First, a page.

Emergency COVID-19 hospital in Memphis closes without ever treating a patient

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MEMPHIS, Tenn. — A planned emergency overflow hospital for COVID-19 patients in Memphis has been decommissioned without ever being used, the Tennessee Emergency Management Agency said this week.

The hospital was located in the 125,000-square-foot building at 495 Union Ave. formerly occupied by The Commercial Appeal newspaper offices. The building was renovated to make bed space for 402 COVID-19 patients.

It opened June 9, 2020, at a cost of $51 million, according to TEMA. But it was never used, and the state began moving equipment out in May.

“It was an opportune time for us to go ahead and start demobilizing,” said Patrick Sheehan, director of the Tennessee Emergency Management Agency, which built the hospital and dismantled it. “We were looking to create a really a pressure relief valve should some of the worst case forecast for COVID come true, and the only time we came close there was in December of 2020.”

The state’s lease on the building runs until Sept. 30. After that it will be turned back over to its owner.

A smaller hospital in Nashville has also been deconstructed and the medical supplies returned to TEMA.

The facilities were built after Tennessee received a Major Disaster Declaration that made federal funding
available for COVID-19 response measures in April 2020.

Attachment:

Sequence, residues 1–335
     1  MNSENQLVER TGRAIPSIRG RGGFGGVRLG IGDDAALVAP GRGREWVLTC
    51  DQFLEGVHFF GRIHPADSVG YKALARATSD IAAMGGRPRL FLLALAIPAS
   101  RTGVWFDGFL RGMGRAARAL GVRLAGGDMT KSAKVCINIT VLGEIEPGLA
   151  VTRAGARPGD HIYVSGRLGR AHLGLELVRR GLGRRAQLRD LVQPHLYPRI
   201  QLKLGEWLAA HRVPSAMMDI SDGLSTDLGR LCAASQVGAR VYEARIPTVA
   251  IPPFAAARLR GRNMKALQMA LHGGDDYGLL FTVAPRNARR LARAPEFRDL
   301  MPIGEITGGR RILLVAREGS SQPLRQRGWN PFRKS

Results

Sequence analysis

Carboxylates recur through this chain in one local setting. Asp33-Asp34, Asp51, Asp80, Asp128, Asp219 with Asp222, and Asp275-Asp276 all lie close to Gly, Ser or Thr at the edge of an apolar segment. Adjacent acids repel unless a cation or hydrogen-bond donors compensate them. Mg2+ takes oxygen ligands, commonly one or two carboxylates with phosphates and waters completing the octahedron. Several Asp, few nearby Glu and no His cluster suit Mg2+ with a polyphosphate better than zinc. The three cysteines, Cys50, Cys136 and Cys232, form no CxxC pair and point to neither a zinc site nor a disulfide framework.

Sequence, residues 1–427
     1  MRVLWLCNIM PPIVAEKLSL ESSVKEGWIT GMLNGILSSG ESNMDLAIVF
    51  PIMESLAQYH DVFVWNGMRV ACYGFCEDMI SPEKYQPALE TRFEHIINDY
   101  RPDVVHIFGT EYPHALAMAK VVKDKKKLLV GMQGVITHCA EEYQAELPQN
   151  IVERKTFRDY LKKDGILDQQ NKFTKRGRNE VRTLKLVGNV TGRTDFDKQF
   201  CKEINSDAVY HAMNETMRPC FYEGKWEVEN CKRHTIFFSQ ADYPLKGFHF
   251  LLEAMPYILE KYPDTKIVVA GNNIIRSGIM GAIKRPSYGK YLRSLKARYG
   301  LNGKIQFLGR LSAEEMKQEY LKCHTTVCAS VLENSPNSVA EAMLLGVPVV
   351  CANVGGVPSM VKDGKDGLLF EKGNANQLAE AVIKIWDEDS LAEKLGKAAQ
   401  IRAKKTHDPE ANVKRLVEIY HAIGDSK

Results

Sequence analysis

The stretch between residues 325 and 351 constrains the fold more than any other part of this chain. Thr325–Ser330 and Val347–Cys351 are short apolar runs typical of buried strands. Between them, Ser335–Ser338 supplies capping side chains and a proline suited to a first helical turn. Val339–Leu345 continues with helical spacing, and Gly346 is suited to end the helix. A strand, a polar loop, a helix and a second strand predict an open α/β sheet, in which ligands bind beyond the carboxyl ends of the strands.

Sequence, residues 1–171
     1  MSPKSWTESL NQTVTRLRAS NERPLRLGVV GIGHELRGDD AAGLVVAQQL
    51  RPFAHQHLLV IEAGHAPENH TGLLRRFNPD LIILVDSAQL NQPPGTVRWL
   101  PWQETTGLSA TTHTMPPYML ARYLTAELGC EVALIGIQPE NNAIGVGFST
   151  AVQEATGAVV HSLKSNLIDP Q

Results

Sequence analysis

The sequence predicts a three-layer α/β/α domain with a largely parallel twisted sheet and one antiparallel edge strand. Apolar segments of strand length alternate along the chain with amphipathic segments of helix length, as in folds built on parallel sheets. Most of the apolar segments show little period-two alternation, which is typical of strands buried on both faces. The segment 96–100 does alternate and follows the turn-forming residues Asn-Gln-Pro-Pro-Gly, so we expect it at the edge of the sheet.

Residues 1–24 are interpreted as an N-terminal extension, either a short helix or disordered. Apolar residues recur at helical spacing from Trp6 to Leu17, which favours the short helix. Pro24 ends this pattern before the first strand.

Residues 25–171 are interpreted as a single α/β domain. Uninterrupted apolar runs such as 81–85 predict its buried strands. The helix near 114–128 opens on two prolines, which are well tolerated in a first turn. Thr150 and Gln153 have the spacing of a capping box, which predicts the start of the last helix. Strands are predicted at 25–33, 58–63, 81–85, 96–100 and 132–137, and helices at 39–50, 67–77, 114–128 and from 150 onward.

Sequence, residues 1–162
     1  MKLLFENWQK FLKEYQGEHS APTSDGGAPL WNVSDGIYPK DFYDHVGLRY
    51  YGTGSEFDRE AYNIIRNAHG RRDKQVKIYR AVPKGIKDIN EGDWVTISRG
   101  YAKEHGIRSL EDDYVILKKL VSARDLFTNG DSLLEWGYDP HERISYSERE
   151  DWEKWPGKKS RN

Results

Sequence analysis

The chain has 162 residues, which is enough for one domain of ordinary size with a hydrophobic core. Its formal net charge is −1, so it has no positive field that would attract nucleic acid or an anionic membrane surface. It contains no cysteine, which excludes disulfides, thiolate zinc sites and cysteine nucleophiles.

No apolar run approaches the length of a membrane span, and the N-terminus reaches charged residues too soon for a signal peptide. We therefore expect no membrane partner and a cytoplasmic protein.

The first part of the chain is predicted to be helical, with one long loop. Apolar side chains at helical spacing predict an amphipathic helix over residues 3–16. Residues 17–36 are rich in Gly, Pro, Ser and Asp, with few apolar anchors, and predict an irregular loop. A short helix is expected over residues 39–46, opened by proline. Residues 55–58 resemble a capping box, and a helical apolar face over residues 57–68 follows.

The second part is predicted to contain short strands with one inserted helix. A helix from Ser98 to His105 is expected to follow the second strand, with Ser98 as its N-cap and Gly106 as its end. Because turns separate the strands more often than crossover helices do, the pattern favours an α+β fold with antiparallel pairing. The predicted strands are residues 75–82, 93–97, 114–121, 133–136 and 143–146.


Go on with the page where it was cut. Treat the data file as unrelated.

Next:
“When early predictions pointed to a worst-case scenario of every state exceeding its COVID-19
patient capacity, we took immediate action in Tennessee to address the potential shortfall,”
Gov. Bill Lee said in a statement. “Tennessee’s alternate care sites provided our health care system with a margin of safety, and thankfully we did not need to open either site.”

Dr. Manoj Jain, a member of Shelby County’s COVID-19 Task Force, said opening the facility was the right thing to do.

“Having it in our back pocket was essential. It was really important,” Jain said. “It brought a tremendous amount of security to me, as a doctor, knowing that my patients would have somewhere to go in case the present hospitals just didn’t have the capacity.”

Even though cases are rising, Jain said things have changed since the first days of COVID.

“What we know is that the number of cases are not relating to the number of hospitalizations because many are vaccinated. And if they do get the variant they don’t get as infected so I’m fairly certain that we will not need that facility any longer, and I’m very comfortable with it closing,” Jain said.

But Dr. Jeff Warren, also on the COVID Task Force, thinks the closing is premature.

“If you look at the numbers from four weeks ago, which is when they probably made the decision to close it, as they were looking at things, it looked good then. But if you look at the numbers from the last 10 days they’re very different. We’re just now seeing the delta variant hit our community,” Warren said.

Tennessee reported 994 new cases of coronavirus on Monday. The increasing numbers followed a decline in June that some days saw fewer than 100 new reported cases in the state.

Shelby County saw 158 reported cases Monday, after reaching a low of 20 new cases in mid-June.

Doctors at UT Health Science Center were slated to head the medical staff at the overflow facility, a job they never got to do.

“We were always prepared to staff it, given a specific ramp-up time which probably would have been about 10 days to begin to move patients in,” said Dr. Scott Strome, Dean of the College of Medicine at UTHSC.

As for those who may say it was a waste of a $51 million grant, Strome said it’s easy to make those calls in hindsight.

“It’s not easy to make those calls when you really don’t know the size and scope of the virus,” he said.

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